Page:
This is a super important but not sexy topic. I know, that's a heck of a way to get your attention. You're probably thinking, ugh, this post sounds like a snoozefest. It's OK if you feel that way but hear me out. I often get asked about what business books entrepreneurs should read, and I frequently recommend Profit First by Mike Michalowicz.
Profit What? Profit First. It's a super simple bookkeeping and accounting system for small business owners to follow that allows you to ensure that YOU GET PAID. Getting paid might seem obvious, but many small business owners don't earn a living. They're spending money on things that don't matter, they're spending more than they bring in, they're not sure what they're bringing in vs. what they're spending, and they end up spending their way into the poor house and having to go back to get a j-o-b.
Sadly, up to 50% of new businesses will fail in the first five years. 30% of them will fail within the first two years. That's a scary statistic. Why do new businesses fail so quickly and at such alarming rates? Often, it's due to an issue within money in vs. money out. They grow too rapidly, and the revenue can't keep up with the expenses. They may be making money, but they're spending it as fast, if not faster, than it's coming in. They're buying tools they don't need or can't fully utilize yet.
I met with a potential client recently, and she was in this scenario. She was dedicated to her business but wasn't making money and was afraid she'd fail. As we talked through her business and marketing strategy, she was paying for products she didn't need yet. She had an email service provider that's for businesses with 10,000+ people on their email list. She had under 100. She was spending hundreds a month on an email tool that her business wasn't ready for and couldn't fully utilize. She could have easily been using MailChimp for free rather than spending $200+ each month for the program she had. Unfortunately, she'd been sold something she didn't need because she had no budget set up and didn't understand what she needed for her business. She had no idea how much she should be allocating to any area of her business and made decisions as she went. While she wanted (and needed) business coaching, she couldn't afford it because of expenses like this one.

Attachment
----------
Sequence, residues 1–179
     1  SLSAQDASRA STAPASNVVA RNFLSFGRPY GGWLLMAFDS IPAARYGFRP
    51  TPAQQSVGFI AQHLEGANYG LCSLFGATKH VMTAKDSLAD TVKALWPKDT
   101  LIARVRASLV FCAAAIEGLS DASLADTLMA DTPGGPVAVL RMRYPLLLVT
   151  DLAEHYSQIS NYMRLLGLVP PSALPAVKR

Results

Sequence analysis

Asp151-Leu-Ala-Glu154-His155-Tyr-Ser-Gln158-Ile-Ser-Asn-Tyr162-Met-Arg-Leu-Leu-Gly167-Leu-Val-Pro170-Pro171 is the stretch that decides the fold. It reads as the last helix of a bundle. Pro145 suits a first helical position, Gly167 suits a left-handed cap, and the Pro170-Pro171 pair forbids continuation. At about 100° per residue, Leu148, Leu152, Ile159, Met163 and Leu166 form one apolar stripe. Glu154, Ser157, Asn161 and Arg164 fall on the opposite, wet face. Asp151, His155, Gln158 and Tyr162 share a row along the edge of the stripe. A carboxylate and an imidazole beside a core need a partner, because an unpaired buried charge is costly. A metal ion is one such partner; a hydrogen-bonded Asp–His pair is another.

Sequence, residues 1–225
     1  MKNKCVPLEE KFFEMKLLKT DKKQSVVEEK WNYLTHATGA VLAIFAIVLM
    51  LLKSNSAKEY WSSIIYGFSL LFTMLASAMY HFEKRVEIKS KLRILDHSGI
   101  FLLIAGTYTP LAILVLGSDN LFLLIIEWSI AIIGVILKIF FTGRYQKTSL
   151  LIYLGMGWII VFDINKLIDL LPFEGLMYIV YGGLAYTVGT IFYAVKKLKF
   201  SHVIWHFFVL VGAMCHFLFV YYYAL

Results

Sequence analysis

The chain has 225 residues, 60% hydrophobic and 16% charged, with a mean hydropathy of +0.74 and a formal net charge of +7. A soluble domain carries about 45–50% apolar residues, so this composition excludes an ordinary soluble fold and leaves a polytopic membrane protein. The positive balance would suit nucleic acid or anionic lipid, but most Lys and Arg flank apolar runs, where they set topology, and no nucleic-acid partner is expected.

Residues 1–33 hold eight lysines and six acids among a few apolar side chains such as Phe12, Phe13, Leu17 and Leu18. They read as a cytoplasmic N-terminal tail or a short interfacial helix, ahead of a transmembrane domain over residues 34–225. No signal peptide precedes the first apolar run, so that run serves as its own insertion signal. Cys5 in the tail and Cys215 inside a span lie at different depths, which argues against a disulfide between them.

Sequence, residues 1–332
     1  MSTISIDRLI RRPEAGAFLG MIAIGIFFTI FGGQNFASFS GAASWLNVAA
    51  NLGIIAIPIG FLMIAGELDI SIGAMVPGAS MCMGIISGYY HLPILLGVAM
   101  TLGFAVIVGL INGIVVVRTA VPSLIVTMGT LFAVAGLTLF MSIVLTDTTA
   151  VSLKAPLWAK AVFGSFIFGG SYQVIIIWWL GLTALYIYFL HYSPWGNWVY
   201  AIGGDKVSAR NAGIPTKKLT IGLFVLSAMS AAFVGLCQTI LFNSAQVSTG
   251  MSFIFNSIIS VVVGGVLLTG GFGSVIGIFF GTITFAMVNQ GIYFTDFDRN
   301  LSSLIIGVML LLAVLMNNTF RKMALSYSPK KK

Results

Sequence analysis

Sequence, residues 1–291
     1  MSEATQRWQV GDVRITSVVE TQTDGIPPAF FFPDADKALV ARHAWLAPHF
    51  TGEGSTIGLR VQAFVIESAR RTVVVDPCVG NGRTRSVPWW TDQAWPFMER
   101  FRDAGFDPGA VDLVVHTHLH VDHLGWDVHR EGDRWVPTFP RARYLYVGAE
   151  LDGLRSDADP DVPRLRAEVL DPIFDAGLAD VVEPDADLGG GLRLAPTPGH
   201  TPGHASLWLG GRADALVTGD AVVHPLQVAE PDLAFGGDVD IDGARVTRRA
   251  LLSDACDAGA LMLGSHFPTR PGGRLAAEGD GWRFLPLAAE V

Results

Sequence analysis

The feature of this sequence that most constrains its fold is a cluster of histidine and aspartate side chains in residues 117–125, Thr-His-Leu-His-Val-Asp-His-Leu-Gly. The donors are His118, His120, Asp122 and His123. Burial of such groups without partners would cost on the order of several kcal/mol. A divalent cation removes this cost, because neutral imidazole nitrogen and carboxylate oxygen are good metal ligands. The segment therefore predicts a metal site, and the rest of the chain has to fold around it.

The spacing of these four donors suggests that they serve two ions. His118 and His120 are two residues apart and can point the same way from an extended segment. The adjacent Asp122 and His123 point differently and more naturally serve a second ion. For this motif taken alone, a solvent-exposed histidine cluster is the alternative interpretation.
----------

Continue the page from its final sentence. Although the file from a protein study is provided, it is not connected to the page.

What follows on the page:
I knew another gal who started a business that looked very successful from the outside. She had hundreds of paying students and successful online courses. Her business was doing over $100,000 in revenue, and yet, she hadn't earned ONE PENNY herself. She was spending so much money on ads to get students into her courses that by the time she paid the bills, there was nothing left to pay herself. She was working crazy hours and had no income. She ended up losing her business and going back to get a job because she couldn't make it work. What she was missing was a budget and a minimum ROI (return on investment) for her ad spend.
When we don't set a budget and allocate funds to different areas of our businesses, we can face devastating results like these two women did. It's soul-crushing to work hard on something, give it your all, and not be able to make it work. In both of these cases, had the expenses been in line with the revenue, they would have likely survived.
How can you avoid this type of situation? Read Profit First. Understand your businesses' profit, revenue, and expenses. Don't hide from the numbers out of fear. Don't allow yourself to say, "I'm not good at the numbers." Learn them, understand what they mean, follow the guidelines in the book.
Numbers are not my favorite thing by any means. I hated my accounting and finance courses in grad school. I don't know if I would have gotten through them without help (a lot of help in some classes), but I know my numbers for my business thanks to Profit First.
The book is easy to read. It's a simple process to implement, and if you do what it teaches, you'll be profitable. You'll be able to pay yourself. You'll know if you can afford to invest in an opportunity that comes your way or not with certainty.